A recent post in the forums got me thinking about this concept again.  In the post, the OP complains that they flopped the 2nd nuts and lost the hand.  It was simply a bad beat complaint out of frustration, but it brings to light a fundamental point about improving your poker game.  In order to grow beyond this limiting mindset, you have to think in terms of hand equities.  Once you do, you’ll understand situations much more accurately, and also find that you tilt less as a result, which is always a good thing. 
The OP in the hand actually didn’t flop the 2nd nuts, they flopped the 3rd nuts, holding 77 on a 7JJ board.  They had 2 opponents both stacking off on the flop with them, likely that at least one holds a J.  In fact in this case both did, they held KJs and JTs.  The OP was on a short stack and both opponents covered, so they got the money in with a chance to triple up.  This was a fantastic situation for our hero!  But it was far from a bad beat.  In the hand our hero actually had about 68% equity on the flop.  If we could continually get our chips in with a 2/3rds equity share of the pot, getting a 2-1 overlay on our wager to boot, we would have long term results beyond the best in the game.  But on the way to those results, over thousands of trials, we would lose some of those pots.  To put it more succinctly, over 1000 such times we would get drawn out on roughly 320 times on average.  That’s a lot of losing trials.  By reviewing the situation in terms of equities, we can much more easily absorb a single losing trial with a level head and understanding, and be much less likely to tilt from it.   When we think about it as though we flopped the 2nd (or 3rd) nuts, got our money in good, and got drawn out on, we’re much more prone to falling into the misconception that the deck must be stacked against us, we run terrible, and a host of other negative, self-destructive thoughts that can lead to poor decisions and more bad results.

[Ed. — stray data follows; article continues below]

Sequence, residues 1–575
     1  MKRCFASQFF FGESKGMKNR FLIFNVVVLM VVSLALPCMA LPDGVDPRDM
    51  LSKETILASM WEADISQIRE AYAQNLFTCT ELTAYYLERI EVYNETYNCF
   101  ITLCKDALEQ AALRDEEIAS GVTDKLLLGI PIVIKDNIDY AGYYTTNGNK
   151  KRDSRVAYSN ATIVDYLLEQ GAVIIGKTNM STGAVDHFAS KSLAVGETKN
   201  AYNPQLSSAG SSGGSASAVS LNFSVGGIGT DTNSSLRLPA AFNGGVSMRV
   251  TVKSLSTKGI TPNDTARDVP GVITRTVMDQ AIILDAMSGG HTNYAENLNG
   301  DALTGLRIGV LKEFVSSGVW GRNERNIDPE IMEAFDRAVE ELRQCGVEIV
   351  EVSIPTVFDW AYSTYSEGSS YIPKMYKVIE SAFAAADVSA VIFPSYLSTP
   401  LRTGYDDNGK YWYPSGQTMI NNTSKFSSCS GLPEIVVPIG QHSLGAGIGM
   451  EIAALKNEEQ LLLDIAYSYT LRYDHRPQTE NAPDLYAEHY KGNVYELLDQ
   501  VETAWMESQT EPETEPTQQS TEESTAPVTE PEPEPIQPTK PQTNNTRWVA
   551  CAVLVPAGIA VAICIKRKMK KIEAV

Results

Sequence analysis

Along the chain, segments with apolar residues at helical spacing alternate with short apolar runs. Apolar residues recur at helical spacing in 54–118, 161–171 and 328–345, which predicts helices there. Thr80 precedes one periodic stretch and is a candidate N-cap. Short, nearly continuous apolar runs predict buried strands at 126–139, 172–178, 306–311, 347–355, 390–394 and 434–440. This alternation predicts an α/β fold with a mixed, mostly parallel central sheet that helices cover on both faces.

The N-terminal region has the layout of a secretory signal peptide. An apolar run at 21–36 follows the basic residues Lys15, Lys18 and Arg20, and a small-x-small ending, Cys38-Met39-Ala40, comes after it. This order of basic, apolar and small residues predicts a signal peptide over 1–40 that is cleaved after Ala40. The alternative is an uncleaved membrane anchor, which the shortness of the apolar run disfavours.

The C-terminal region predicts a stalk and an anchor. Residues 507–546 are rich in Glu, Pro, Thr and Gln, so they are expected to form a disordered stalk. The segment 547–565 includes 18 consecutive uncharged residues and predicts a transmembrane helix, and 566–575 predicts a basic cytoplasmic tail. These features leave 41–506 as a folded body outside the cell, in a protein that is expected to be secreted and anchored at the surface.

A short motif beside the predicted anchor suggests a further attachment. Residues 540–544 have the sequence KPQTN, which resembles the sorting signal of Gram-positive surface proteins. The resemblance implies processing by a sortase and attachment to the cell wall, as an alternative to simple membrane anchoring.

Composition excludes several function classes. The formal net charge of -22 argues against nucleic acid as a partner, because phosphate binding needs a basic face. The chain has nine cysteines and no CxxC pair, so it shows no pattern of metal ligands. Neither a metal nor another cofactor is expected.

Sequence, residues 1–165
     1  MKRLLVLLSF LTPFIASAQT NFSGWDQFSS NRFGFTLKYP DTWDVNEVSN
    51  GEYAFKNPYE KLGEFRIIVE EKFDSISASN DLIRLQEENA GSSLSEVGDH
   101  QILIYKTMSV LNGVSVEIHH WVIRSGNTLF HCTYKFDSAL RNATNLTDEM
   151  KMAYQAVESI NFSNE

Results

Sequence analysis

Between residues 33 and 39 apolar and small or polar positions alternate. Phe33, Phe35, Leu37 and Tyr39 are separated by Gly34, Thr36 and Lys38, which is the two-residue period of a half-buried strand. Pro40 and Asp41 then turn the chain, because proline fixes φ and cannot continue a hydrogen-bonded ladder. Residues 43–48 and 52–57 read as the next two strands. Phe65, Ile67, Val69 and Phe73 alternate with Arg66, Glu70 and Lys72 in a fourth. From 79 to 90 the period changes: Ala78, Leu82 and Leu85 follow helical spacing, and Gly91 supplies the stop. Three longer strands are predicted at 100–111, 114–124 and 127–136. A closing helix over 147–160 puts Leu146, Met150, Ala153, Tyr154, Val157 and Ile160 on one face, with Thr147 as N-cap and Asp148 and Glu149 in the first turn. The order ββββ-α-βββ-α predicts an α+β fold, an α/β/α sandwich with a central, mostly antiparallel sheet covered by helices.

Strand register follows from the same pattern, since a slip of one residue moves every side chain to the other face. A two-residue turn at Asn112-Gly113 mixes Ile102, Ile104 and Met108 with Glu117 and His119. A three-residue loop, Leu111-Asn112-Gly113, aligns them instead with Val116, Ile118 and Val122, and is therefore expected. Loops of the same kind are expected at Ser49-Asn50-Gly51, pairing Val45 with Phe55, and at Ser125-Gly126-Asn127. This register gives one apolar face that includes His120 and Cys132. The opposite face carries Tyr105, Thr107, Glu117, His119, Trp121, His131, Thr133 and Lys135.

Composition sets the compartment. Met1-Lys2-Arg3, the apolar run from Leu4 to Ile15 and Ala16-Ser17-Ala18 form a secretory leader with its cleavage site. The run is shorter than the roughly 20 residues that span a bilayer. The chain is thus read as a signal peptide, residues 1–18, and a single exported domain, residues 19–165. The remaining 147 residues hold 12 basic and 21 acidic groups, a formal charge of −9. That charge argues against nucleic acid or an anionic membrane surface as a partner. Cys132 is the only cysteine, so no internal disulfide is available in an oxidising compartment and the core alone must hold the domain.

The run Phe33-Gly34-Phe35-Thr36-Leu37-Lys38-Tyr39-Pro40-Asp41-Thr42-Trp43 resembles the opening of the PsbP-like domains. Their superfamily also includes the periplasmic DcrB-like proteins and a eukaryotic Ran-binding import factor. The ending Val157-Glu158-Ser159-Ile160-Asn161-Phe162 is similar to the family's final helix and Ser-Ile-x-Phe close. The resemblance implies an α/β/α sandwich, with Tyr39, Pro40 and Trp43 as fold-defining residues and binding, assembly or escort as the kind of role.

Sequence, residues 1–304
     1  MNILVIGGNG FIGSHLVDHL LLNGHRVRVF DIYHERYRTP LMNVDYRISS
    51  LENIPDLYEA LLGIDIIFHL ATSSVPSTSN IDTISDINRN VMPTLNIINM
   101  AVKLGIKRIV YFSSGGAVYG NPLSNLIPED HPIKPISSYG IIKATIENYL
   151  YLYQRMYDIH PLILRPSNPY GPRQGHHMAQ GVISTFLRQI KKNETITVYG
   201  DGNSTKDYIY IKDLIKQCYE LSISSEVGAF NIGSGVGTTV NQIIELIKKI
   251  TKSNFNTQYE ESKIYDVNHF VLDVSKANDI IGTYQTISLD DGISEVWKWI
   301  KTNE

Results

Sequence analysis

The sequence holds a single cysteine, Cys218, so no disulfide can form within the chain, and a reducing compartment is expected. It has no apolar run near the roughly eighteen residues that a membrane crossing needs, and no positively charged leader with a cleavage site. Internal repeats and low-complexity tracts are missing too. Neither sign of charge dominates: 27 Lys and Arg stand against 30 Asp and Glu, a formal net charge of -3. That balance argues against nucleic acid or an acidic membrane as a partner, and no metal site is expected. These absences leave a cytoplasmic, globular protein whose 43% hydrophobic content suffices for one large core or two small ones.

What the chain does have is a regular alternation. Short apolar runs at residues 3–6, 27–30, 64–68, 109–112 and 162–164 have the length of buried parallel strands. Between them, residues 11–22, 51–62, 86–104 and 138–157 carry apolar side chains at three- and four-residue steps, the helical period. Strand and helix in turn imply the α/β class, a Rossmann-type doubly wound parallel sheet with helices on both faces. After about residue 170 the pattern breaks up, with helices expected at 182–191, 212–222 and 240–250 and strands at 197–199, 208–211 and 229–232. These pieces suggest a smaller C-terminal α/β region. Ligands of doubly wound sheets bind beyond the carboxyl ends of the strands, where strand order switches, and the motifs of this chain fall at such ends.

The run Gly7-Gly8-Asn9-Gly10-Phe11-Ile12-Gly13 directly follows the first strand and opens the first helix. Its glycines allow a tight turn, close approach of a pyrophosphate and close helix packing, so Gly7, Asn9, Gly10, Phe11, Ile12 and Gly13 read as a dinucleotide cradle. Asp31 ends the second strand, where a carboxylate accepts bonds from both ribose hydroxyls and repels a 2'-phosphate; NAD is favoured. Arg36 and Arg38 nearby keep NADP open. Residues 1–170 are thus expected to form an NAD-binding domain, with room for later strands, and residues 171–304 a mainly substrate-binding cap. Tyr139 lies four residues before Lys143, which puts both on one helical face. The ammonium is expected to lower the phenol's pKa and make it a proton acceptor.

To help illustrate the point, let’s take an extreme example.  Let’s say you hold 6d7d in a multiway pot, and the flop comes down 5h8c9c.  You’ve flopped the nuts.  Obviously this is a great spot and we’d be happy to get all the money it, even multi-way.   But depending on what our opponents hold, it may not be as great as you think, and in fact in the worst case scenario it could be a disaster.  For example:
Flop:  5h8c9c
You:  6d7d
Player 1:  9s9d
Player 2: JhTh
Player 3: QcJc
Player 4: 6s7s
In this disaster scenario, we are splitting the pot with player 4 when we hold up, and the opponents have just about maximum outs collectively to draw out on us as well.  Our equity (share of the pot) is only about 8%, which is a pretty bad return considering we will contribute 20% of the pot from our chip stack.  Getting our money in this bad over and over again will find us getting broke rather quickly.  And yet, we flopped the nuts.
Usually when we flop a very strong hand, we will be getting money in very good vs. an opponent’s range of hands when they are giving action.  And when we win those hands it goes largely unnoticed by our conscious brain… we were supposed to win after all, we flopped a monster.   But it’s a very rare situation indeed where we are 100% to win on the flop.  By reviewing situations in terms of equity, we can better identify the true bad beats (yes they still happen) vs just the more standard spots where we are simply getting the best of it but are in a far from unbeatable spot.  And a better understanding of these spots + less tilting, is going to lead to better results in the long run.